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"Milestones" : Easy as it looks ?

Discussion in 'Music [DB]' started by godoze, Jul 1, 2004.


  1. godoze

    godoze

    Oct 21, 2002
    I must admit that I tho I studied jazz voraciously in my formative years I have spent the graeter part of the last 15 years as a composer and soloist. I am now starting to approach tunes that I played waaaay back and I am a bit rusty at deciding what to do where.

    So. on "milestones" being that we are playing two minor chords do I use G Dorian and A phrygian ? That is what strikes me at first but as I say i'm not really used to playing other folks' music anymore...

    l'il 'elp ?
     
  2. Chris Fitzgerald

    Chris Fitzgerald Student of Life Staff Member Administrator

    Oct 19, 2000
    Louisville, KY
    I don't know what the charts say, but the records have a B natural in the melody on the bridge, and no 6th, so I'd say Phrygian is not too likely. Maybe Aeolian? Maybe whatever 6th & 7th you're hearing at that moment?

    As for whether it's an easy tune, I am reminded of Stravinsky's comment about how the most frightening object on earth is a blank sheet of manuscript paper. The longer I play, the more I agree. :)
     
  3. godoze

    godoze

    Oct 21, 2002
    i hear you on that Stravinsky thing Chris..if only he'd stuck to 12 tone composition maybe he wouldn't have been so frightened..lol

    yeah, upon listening i'm thinking not phrygian. the other thing is that the first phrase of Cannonball's solo sounds major to me from the Miles recording so I guess I'll have to start transcribin' .
     
  4. Everyone must be too intimidated to reply its taught to be G Dorian and A Aeolian - which is how I hear it too BTW. Its an enjoyable challenge getting a bassline to build and phrase in such a way it drives and the poor sax players (well the one's I play with any-road) don't get lost - usually in my view they overshoot the last 8 bar section following 3 16 bar sections, after which it's a long wait to the next chord change. I think its difficult to play well but rewarding in all sorts of areas when done. I usually see what other minor scales I can substitute to create variety and tension without altering the flavour. Where's Adrian Cho when you need him?
     
  5. godoze

    godoze

    Oct 21, 2002
    only thing worse is "So What ? "
     
  6. what gives you those impressions?
     
  7. Those would be the same scale notes.
     
  8. Adrian Cho

    Adrian Cho Supporting Member

    Sep 17, 2001
    Ottawa, Canada
    Yes G Dorian and A Aeolian is what I play and what I expect others to play in this tune. I find the exciting thing about this tune is the bridge. Firstly at 16 bars it is longer than people expect it to be with the whole form being 40 bars. Secondly, it's usual during the bridge not to play four to a bar but to do anything from latin vamps to various ostinatos (which always work well with modal tunes). The most fun is trying to displace the feel and then bring it back together in the final A section. In fact it's really essential to creating and resolving the tension. A good drummer is recommended <G>.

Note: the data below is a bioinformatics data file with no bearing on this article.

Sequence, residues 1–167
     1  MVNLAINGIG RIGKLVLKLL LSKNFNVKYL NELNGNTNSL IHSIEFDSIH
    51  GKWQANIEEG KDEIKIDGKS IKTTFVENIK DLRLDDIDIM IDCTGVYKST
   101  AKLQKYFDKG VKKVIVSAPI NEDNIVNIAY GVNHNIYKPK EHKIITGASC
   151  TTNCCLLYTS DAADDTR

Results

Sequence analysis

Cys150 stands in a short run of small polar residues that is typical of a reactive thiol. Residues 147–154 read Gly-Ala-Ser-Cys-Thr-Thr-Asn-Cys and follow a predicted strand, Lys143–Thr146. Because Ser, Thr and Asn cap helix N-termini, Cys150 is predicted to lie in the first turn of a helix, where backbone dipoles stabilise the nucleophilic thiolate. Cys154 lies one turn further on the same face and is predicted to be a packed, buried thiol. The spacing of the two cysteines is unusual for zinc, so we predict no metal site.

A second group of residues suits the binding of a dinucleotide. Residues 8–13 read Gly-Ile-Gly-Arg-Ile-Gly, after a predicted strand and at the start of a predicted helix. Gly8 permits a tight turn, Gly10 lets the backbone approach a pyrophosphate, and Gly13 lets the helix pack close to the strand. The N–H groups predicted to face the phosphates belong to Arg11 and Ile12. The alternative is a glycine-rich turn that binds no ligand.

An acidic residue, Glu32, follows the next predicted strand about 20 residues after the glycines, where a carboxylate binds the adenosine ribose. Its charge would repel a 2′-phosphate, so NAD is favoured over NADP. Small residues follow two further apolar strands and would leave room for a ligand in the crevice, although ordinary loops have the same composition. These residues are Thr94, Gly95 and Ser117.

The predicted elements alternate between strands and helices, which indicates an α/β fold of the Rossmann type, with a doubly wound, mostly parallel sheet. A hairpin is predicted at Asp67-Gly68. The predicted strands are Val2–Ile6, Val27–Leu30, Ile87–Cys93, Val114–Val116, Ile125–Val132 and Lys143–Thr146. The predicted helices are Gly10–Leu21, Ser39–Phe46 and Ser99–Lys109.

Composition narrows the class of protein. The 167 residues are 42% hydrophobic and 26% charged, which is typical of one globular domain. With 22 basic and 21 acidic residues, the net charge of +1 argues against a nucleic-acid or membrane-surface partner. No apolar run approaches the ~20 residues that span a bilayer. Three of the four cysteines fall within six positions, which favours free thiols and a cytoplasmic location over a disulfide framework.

Check out Ron Carter and the rest of the gang (with George Coleman on tenor) on the Miles Davis in Europe/Miles in Antibes recording. Milestones at quarter note = 360. Listen how they reduce the bridge to almost nothing at many points.

    Flamenco Sketches is another interesting tune to play as a modal exercise. I like to use it as a listening exercise for the band with the soloist totally dictating the form (and the band having to follow) as was done in the original recording.
     
  9. godoze

    godoze

    Oct 21, 2002

    Of course they are; just starting at different points ? whadderu gettin' at old man ?
     
  10. Adrian Cho

    Adrian Cho Supporting Member

    Sep 17, 2001
    Ottawa, Canada
    The point I believe he's gettin' at is that it is unlikely to be A Phrygian since it's the same scale as G Dorian, and indeed it is not A Phrygian but in fact A Aeolian. Changing the mode like that equates to about the same thing as a purely enharmonic change (e.g. Db then C#), well not quite but something like that. In the case of Milestones, the bridge has quite a different sound so your re-analysis was correct.
     
  11. Thanks, Adrian.
    I had thought the change in tonality was obvious, but apparently not.
     
  12. godoze

    godoze

    Oct 21, 2002
    Some of us are not as enlightened when it comes to some of these crusty old tunes my friend. As I said, I am treading somewhat unfamiliar territory.